Bookish Lifestyle

Travelling with books: Christmas in London

There’s nothing like a little travelling adventure. Escaping from the routine for a while, whether it’s an exotic holiday or just a weekend trip, is a great way to recharge, explore and treat yourself. The last one is particularly important with Christmas on the horizon. Visiting new places and experiencing new cultures is, in my opinion, one of the most exciting things we get to do in life.

I love London with my whole heart. I consider it my home away from home, having lived and studied in the UK. Life happened and I moved away but I still pine for the foggy mornings, Earl Grey and mince pies. We do have a fair amount of fog here in Slovakia and I still make it my business to drink and an ungodly amount of Earl Grey. The atmosphere is not quite the same though.

That’s why an annual trip to London is my Christmas tradition and it’s just that time of the year. I’m visiting one of my best friends and we have all kinds of festive activities in our itinerary. Enjoying the Christmas decorations, shopping for presents, Winter Wonderland, gingerbread lattes and an afternoon tea with a view of the Thames. I even gave myself the best Christmas present by making one of my biggest dreams come true – seeing Wicked on West End.

It might seem that I’ll be super busy. But a four day weekend is too good an opportunity to catch up on reading to miss. Therefore, one of the biggest questions unavoidably arises. Which books to pack?

As I’m going on a trip to recharge and rest, the reading needs to be thematically light. I don’t want to find myself questioning the humanity’s place in the universe in the middle of Christmas markets. On a similar note, I’m travelling with hand luggage only. That means I need something physically light and easy to pack as well.
Here are my tips and tricks on how to manage this.

The obvious answer that presents itself is a Kindle. Or a different electronic reader device of your choice. I have the most old-school one and I’ve been happy with it since I bought it 6 years ago (Jesus, time flies). It is light and you can easily carry it around in your backpack or purse. And you can stuff as many books inside as you want.

If you don’t want to carry around anything at all, you might opt for an audiobook. They are easy to listen to on your smartphone which we carry around everywhere anyway. Perfect for busy trips to big cities – you can listen during a train or tube ride. Also a great option for people with motion sickness who can’t read in moving vehicles.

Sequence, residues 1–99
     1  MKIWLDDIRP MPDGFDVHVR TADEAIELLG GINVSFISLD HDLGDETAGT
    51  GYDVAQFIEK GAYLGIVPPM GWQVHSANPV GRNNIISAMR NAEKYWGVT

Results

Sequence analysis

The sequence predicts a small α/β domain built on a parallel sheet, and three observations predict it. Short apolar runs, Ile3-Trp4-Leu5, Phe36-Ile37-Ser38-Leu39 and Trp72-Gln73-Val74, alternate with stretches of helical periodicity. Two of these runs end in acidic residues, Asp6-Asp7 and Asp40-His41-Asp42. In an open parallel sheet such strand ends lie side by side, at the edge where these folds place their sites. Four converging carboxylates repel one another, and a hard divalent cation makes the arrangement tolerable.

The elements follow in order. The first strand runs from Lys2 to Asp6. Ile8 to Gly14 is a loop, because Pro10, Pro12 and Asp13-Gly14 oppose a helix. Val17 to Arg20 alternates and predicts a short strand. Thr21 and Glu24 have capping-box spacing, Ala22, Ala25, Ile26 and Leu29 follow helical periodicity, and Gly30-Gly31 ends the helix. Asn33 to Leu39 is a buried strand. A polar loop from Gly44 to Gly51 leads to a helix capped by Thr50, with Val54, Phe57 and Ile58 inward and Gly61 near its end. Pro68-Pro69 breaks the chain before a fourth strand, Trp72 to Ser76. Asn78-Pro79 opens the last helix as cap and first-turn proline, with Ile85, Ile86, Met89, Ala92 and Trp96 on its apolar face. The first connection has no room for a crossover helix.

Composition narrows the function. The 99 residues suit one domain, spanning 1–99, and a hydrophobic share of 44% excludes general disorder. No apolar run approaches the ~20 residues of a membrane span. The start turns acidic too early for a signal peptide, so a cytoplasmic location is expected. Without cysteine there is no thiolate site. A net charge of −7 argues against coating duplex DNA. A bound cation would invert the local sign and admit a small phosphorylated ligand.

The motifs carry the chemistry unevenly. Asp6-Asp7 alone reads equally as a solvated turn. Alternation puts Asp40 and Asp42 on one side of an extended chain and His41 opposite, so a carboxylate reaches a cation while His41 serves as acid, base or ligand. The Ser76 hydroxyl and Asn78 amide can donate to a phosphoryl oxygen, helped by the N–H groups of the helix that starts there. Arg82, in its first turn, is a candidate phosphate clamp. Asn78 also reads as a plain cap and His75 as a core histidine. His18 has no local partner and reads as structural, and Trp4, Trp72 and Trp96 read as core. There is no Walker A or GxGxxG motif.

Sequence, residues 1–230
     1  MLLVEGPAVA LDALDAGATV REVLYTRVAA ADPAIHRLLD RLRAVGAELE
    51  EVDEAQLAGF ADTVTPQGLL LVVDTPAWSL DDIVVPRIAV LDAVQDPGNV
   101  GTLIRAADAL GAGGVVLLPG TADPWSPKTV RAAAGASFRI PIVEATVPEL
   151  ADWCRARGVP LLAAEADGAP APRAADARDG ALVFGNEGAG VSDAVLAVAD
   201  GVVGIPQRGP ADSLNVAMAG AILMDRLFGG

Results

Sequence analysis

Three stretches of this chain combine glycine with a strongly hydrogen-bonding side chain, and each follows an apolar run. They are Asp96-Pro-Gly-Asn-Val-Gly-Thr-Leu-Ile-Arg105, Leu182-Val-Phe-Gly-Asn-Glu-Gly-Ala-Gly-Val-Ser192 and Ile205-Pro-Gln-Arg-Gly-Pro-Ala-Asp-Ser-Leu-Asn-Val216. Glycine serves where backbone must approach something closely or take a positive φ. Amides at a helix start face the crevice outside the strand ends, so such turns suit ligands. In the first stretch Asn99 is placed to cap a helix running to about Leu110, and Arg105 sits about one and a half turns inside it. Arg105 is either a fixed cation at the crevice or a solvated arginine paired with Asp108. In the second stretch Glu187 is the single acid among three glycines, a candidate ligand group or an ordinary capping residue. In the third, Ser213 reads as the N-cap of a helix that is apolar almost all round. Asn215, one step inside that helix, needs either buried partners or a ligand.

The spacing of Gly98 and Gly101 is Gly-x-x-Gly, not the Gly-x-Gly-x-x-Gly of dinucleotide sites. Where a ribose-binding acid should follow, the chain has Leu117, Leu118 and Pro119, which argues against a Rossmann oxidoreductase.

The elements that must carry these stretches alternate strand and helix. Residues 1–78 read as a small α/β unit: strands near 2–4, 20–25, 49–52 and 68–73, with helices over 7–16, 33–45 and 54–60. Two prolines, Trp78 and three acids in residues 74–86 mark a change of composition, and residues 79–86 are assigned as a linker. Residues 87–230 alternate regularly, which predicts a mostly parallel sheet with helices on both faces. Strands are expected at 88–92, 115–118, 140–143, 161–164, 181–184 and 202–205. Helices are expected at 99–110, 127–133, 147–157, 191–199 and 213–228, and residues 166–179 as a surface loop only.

The choice of wonderful audiobooks of all genres is incredibly rich these days. Everyone will surely find one that suits their taste. Just check out Audible.com. My choice for this trip is A Destiny of Dragons. It is a sequel to my all-time favourite book The Lightning-Struck Heart and I’m extremely excited to get on it.

There are some people, however, who just need to have a physical book with them at all times. I am one of those people. If you too suffer from this affliction, always choose a paperback version. I know hardbacks are nice and shiny but they are a bitch to carry around. You will probably just get annoyed by the extra weight and won’t pick it up the whole time. Paperbacks are easy to ruin so it’s a good idea to bring a book sleeve. I am bringing The Raven Boys by Maggie Stiefvater in my trusty Fairyloot book pouch.

My final tip is especially important if you’re travelling to a place you’ve never been. Buy a good tour guide. The idea of walking around with a little book and a map might seem ridiculous in this age of smart technology. But having all the important information in one place that can’t run out of battery and is not dependable on a stable Wi-Fi connection gives me a sense of safety and control in a new environment. Tour guides are not only great for planning where to go and what to see but also provide you with a complete map of the city, a map of the underground/metro/tube, emergency numbers, important information about the culture and loads of other useful stuff. My favourite for short city trips is the Lonely Planet Make My Day tour guides. They are a compact and fun way of planning your perfect day by choosing what to do in the morning, afternoon and evening. If I’m going for more than a few days I like to learn everything about the places I’ve never been. In these cases, I go for bigger guides like the Marco Polo ones.

I’m counting down the days to my little London getaway and I hope this guide helps you solve your book dilemmas whenever you decide to treat yourself with a trip out of town.

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